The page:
Try This Quick Dynamic Warm-Up Before Your Next Run or Workout

Here is a quick dynamic warm-up that you can try before your next run or workout to get your body prepared for the upcoming bout of exercise. In the video, Julia, a D1 runner, used a foam roller for about 15 minutes prior to the start of the video.  Her goal was to “release” specific areas that were tight in her lower extremity resulting from a previous run.  You have the option of going through these specific movements more than once if needed.  Following the dynamic warm-up, she went for her run and then hit the foam roller once again before calling it a day.  Try 5-6 repetitions of each dynamic movement.

  • Foam Roller (15:00)
  • Jump Rope (2:00)
  • Dynamic Warm-up (5:00) @ 5-6 reps each
  • Run
  • Foam Roller

 

 

7 Health Tips from Fitness Expert Michael Wood, CSCS

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photo credit: http://kokofitclub.com

One of the many great things about life is that we continue to learn as we advance in age. This is especially true when it comes to finding new health and fitness tips and I’m sure this applies to your own personal health and fitness routine too. After close to thirty years working in the fitness industry, I have learned a few tricks of the trade myself and here are a few fitness tips that I focused on this past year that you may want to follow as well.

1. Challenge Your Mind, Body and Spirit with New Activities. Your thing may be yoga, running, biking, swimming or taking the 10,000 step challenge and if it’s something else that’s great too because these types of activities will get your body stronger, give you more energy and keep your mind clear. The key, however, is to stimulate your mind, body and spirit each day with either one of these eight letter words: movement, activity or exercise. For example, a few activities that I gravitated towards over the past year were stand-up paddle board, walking or running stadium stairs and snow-shoeing. What were some of your new activities?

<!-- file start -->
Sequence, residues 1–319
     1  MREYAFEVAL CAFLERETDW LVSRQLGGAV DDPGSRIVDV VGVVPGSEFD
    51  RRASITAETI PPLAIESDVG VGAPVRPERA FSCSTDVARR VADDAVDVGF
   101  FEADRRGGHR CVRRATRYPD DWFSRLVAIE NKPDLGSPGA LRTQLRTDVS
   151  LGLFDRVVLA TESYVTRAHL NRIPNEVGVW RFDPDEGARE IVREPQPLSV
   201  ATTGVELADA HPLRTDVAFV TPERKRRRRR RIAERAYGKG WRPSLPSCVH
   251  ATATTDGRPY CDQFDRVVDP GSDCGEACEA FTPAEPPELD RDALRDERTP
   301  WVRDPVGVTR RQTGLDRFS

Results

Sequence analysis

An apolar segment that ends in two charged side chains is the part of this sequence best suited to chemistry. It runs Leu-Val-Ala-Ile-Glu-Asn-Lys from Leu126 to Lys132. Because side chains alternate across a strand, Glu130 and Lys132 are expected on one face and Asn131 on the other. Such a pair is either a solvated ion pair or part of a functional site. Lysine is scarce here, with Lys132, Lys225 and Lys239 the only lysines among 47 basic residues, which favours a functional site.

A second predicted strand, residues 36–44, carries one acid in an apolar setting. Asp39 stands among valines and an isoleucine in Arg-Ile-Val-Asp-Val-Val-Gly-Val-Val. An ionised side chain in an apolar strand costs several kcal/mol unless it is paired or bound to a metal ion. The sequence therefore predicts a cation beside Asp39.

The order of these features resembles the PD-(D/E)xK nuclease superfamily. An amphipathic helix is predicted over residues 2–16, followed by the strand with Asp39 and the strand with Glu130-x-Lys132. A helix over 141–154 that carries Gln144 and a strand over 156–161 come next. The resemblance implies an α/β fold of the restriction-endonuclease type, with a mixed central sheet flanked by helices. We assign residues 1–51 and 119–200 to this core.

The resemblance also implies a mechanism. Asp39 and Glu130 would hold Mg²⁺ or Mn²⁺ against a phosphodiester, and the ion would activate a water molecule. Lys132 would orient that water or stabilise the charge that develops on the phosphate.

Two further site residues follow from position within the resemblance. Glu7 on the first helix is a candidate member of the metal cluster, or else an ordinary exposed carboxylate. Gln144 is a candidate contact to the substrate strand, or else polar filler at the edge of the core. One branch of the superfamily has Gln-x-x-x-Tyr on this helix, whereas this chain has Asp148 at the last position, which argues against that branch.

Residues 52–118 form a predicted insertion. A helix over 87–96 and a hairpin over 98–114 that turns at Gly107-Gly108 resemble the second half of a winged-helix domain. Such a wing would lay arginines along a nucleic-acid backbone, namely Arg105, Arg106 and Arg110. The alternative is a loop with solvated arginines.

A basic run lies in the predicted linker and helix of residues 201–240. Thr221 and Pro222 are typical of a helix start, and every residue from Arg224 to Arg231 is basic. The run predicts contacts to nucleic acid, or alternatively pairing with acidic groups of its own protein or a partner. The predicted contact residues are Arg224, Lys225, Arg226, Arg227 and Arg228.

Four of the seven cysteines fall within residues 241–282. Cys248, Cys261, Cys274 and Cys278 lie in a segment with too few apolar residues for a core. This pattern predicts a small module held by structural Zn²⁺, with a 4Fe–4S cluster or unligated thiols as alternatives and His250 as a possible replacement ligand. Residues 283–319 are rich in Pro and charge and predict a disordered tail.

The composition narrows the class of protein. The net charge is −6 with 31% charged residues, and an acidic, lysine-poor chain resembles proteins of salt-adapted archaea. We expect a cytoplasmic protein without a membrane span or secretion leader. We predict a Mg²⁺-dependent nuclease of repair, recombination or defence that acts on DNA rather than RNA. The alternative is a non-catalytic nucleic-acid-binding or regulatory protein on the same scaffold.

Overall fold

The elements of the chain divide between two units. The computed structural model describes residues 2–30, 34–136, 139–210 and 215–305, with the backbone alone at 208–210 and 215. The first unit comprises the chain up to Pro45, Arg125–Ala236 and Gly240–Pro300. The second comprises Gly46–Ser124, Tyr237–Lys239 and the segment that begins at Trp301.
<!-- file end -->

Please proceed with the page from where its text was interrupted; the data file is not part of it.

I highly recommend that you try a new activity or two before the year comes to an end.

2. Start Wearing a Pedometer. A pedometer is ideal for helping you increase your daily activity. I have been wearing a Fitbit pedometer since 2009 and I really like the accountability factor. Fitbit, as a company, has gone on record stating their user base takes 43% more steps with Fitbit. If you go out and purchase a pedometer, have a goal of determining your daily average steps over the course of three days, then try adding 500 to 1000 steps a week (or 10-20% increase of your average from baseline) until you progress to 10,000 steps a day (this is about 5 miles). The average Fitbit user records about 6000 steps a day. Research conducted by Tudor-Locke and Schuna recommend that adults avoid averaging less than 5,000 steps a day and strive to average greater than 7,500 steps a day, of which about 3,000 steps (about 30 minutes) should be taken at a cadence of 100 steps or more a minute. Stanford University researchers looked at 26 different studies and summarized the results in the Journal of the American Medical Association. Their synopsis showed individuals who use a pedometer take 2,000 additional steps each day compared to nonusers and had significant decreases in body mass index and blood pressure while overall physical activity level increased by 27%.